For anyone with asthma, preventing attacks of wheezing, coughing, chest tightness and shortness of breath is a top priority.
Might vitamin D help?
The researchers analyzed data from nine studies, involving 1,093 children and adults with asthma, most diagnosed with mild to moderate cases. The participants had been randomly assigned to take an oral vitamin D supplement (500 to 1,200 International Units) or a placebo daily, along with their usual asthma medication.
After four to 12 months, those who took vitamin D experienced fewer asthma attacks requiring treatment with corticosteroids than did people who took a placebo. The vitamin D group also was 61 percent less likely than the placebo group to have a severe asthma attack leading to an emergency room visit, hospitalization or both. The effect of vitamin D on severe asthma attacks was seen mostly among adults. Taking vitamin D had essentially no effect on lung function or day-to-day asthma symptoms.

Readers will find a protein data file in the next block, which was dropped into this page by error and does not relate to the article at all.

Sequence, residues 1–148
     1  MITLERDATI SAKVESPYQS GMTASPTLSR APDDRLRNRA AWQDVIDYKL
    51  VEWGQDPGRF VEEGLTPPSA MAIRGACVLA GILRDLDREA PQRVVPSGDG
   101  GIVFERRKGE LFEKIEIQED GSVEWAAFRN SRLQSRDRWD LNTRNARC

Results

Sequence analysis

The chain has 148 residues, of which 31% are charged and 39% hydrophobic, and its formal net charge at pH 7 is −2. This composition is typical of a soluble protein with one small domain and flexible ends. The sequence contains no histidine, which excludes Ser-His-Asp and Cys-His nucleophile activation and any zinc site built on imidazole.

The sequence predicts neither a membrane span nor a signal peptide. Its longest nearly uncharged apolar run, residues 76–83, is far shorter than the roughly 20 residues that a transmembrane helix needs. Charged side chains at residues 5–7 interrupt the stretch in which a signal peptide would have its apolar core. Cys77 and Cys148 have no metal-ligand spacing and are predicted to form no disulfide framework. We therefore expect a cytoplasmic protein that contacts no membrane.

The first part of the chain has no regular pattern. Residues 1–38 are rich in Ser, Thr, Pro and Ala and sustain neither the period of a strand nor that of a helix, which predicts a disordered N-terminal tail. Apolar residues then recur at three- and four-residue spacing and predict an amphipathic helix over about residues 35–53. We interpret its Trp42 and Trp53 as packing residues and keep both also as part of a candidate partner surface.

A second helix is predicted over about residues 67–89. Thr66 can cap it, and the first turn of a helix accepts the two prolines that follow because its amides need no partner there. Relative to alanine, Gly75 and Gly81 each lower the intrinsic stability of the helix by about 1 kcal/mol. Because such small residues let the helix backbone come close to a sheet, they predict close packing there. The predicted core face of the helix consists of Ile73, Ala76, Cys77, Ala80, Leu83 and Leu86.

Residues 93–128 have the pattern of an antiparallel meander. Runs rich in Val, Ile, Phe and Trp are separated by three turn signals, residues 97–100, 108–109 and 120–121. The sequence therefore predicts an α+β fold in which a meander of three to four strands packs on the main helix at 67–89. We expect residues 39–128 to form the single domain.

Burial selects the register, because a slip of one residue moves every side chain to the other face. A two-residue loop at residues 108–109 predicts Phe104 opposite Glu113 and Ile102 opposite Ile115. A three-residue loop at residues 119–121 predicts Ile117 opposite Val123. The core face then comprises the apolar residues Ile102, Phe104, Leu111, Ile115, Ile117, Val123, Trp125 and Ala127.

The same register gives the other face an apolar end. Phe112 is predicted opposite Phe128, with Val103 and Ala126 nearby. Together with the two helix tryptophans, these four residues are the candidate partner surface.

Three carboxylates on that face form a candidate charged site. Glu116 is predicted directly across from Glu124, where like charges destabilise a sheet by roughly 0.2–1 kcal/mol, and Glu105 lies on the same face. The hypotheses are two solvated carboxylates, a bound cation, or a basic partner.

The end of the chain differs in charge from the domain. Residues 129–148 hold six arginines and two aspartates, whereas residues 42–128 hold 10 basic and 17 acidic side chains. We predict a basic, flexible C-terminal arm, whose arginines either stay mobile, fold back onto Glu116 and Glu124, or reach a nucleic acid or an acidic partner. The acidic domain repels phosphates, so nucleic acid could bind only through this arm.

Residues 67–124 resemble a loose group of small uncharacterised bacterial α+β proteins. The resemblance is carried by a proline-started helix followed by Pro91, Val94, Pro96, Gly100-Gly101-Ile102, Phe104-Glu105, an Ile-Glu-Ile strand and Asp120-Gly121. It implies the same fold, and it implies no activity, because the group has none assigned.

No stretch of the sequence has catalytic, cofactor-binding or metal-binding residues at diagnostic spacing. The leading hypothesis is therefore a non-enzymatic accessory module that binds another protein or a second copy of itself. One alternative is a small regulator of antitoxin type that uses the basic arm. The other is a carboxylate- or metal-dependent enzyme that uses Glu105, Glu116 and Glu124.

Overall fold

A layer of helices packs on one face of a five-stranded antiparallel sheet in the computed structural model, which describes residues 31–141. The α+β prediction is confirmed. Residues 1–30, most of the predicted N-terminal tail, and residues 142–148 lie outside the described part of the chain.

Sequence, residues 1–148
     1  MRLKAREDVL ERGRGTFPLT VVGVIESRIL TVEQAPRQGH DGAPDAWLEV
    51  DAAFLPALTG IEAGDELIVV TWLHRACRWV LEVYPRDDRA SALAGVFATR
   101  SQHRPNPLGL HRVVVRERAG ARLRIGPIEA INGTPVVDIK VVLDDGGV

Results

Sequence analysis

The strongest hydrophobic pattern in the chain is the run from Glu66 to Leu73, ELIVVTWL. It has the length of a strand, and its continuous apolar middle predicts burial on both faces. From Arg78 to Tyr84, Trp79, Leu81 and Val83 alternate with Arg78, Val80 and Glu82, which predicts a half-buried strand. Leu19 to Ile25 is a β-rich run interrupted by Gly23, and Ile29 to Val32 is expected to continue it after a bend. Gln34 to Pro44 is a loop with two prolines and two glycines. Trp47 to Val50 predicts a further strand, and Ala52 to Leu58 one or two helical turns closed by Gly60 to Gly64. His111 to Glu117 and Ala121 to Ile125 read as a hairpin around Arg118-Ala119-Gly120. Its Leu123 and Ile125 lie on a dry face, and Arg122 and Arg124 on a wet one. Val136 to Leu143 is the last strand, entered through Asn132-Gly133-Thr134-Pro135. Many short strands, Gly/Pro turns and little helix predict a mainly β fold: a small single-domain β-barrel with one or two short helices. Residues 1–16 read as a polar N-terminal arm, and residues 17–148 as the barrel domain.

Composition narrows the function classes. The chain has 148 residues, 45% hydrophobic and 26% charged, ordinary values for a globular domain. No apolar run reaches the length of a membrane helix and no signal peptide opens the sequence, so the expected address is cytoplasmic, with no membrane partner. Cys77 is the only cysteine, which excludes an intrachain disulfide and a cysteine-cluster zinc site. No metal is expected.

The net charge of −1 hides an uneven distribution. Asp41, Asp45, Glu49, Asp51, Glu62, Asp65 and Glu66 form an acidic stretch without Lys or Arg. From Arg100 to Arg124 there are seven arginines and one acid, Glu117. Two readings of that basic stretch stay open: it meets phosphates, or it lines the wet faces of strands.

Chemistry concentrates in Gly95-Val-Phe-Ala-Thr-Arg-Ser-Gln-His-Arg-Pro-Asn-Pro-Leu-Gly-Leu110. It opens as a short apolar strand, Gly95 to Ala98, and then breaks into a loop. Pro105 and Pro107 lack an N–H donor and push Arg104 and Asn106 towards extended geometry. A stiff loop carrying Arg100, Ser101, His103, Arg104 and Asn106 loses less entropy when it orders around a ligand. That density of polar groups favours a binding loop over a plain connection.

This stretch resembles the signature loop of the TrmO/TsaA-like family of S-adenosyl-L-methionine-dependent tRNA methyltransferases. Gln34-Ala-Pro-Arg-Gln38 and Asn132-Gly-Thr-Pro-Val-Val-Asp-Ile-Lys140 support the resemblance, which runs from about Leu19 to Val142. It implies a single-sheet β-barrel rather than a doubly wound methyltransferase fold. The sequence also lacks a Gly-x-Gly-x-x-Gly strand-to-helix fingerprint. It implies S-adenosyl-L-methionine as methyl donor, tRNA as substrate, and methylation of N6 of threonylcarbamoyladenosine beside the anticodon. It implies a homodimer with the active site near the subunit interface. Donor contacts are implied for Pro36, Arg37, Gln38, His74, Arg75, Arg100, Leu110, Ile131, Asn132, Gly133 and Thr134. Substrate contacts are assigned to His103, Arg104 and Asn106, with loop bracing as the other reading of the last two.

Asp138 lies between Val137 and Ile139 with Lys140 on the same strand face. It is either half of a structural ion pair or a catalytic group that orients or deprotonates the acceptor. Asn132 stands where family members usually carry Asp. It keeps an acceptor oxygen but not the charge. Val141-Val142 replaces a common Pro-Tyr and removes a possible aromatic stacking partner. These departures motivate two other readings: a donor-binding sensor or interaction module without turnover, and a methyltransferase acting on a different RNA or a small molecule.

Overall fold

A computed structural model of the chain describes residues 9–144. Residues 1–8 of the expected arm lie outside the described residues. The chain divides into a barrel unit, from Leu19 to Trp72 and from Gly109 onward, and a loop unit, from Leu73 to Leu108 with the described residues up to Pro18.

People with asthma, who number about 25 million, or 1 in every 12, U.S. residents.
Asthma symptoms, called exacerbations, occur when a person’s airways narrow, swell and produce extra mucus. No cure exists, but symptoms usually can be controlled with medication, aided by awareness of what triggers a person’s attacks. Severe attacks can be life-threatening.
Whether any participants had a vitamin D deficiency was not included in the data and may have affected the results. Dosage amount, dosage schedules and study durations varied among the studies. The analysis did not determine an optimum dose of vitamin D for beneficial results.
Online in the Cochrane Library (cochranelibrary.com).
The research described in Quick Study comes from credible, peer-reviewed journals.